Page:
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Shawsheen Tech Student Group Helps With Important Video Project On Dating Violence

May 17, 2016 11:58AM ● By Bill Gilman

Members of the Shawsheen Teen Dating Violence Awareness group pose for a photo with District Attorney Marian Ryan on April 7 at the Showcase Cinema in Woburn. COURTESY PHOTO

(Editor's note: The following information was submitted by Shawsheen Tech.)

BILLERICA – Members of the Shawsheen Valley Technical High School’s Teen Dating Violence Awareness group are quick to point out, their responsibilities go far beyond the time they spend together at school.

Almost 20 students gather regularly at the school and discuss what they feel is an important topic.

“We’re very serious about it,” said senior Michael Moriconi of Billerica. “Each of us has been touched by it in our own way.”

Senior Sarah King of Wilmington said that student-committees like this are important as a way for students to help their peers at a time when teenagers don’t always defer to their parents for advice.

“Kids can rebel against their parents,” King said. “Also, relationships (when our parents were growing up) were much different than they are now.”

Shawsheen’s TDVA group has been busy as of late with some exciting projects.

On Monday, April 11, King and Moriconi appeared with District Attorney Marian Ryan on a local cable television show in Belmont, discussing a recent video premiere that involved students from Shawsheen and several other schools on April 7 at the Showcase Cinemas in Woburn.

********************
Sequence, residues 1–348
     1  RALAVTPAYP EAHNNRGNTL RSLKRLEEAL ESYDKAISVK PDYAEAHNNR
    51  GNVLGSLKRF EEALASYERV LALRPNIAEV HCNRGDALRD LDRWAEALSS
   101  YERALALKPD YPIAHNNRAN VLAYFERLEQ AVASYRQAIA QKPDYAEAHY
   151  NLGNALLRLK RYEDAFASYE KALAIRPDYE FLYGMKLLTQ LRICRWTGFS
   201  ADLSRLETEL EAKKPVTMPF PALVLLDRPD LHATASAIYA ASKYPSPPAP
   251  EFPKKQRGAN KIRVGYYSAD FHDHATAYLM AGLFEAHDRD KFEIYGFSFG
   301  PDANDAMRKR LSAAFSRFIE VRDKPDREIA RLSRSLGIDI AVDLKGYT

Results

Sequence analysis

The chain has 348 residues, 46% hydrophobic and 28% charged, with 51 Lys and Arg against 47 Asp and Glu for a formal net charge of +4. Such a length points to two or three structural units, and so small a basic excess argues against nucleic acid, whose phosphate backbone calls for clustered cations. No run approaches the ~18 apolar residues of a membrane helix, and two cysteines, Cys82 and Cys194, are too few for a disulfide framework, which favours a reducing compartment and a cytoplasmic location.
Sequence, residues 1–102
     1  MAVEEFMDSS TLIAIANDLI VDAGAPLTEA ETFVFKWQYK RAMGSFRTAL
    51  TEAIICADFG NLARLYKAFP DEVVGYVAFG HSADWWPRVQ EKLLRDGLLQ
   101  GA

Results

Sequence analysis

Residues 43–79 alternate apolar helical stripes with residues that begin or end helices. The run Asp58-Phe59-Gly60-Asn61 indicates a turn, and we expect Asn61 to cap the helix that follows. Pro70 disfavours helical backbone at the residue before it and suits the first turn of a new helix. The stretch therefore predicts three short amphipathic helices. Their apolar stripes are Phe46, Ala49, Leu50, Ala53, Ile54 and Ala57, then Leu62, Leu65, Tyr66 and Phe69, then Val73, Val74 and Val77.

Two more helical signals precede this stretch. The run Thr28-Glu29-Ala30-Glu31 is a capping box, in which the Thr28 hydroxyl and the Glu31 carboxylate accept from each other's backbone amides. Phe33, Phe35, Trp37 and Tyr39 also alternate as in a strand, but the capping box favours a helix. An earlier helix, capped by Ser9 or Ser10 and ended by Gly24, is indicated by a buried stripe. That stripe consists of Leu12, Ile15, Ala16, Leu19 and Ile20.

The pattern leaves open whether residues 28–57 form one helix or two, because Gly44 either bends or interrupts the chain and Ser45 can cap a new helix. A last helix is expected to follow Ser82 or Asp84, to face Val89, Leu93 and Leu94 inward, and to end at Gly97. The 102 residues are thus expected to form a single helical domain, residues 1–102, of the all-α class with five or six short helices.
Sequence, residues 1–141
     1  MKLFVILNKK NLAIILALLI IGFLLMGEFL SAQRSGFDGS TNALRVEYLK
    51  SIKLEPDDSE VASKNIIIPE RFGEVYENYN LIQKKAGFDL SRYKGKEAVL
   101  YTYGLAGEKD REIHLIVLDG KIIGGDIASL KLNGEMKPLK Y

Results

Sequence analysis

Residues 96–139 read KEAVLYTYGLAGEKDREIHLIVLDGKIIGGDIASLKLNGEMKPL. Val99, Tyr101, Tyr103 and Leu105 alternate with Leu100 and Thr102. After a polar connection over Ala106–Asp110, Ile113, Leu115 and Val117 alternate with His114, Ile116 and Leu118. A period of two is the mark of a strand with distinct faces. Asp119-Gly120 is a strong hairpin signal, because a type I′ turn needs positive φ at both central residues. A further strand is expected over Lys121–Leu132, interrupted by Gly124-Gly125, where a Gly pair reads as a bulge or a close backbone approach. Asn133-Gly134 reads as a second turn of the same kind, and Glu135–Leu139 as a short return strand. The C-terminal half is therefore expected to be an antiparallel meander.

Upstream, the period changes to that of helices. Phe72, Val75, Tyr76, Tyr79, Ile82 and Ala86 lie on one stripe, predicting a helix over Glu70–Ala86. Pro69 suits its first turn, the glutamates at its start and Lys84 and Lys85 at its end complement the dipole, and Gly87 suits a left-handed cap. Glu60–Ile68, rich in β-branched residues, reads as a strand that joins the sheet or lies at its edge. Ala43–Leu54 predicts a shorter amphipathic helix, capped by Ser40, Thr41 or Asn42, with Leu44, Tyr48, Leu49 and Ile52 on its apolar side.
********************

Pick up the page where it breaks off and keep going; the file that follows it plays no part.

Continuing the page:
There, five short videos were unveiled as part of a project designed to better understand teen dating in a modern world. The film series is called Teen Dating A to Generation Z: A Guide to Going Out, Breaking Up and Everything in Between.

The Middlesex Partnerships for Youth created the series through a generous contribution from Proskauer Rose LLP.

Shawsheen students participated in the filming and production of two of the videos. One, titled “It’s not me, it’s you – how to break up” was a 90-second spot giving advice on how to end an abusive relationship. The other, called “Abuse – Is that was this is?” talks about how to identify being in an abusive relationship.

The Shawsheen students attended the premiere and saw themselves and their work on a big movie screen.

“The students were really excited,” said Christine Tobin, a teacher at Shawsheen at the TDVA advisor at the school.

“It was really cool,” said Moriconi.

King was quick to insist that all of the group’s members contributed whether they appeared in the videos or not.

“It was a collaborative effort,” she said. “Even the freshmen and sophomores had a huge part in it. Everyone did. We’re trying to get more students to participate.”

Tobin said the videos from the project will be played at the Woburn theater before movie previews in the near future.

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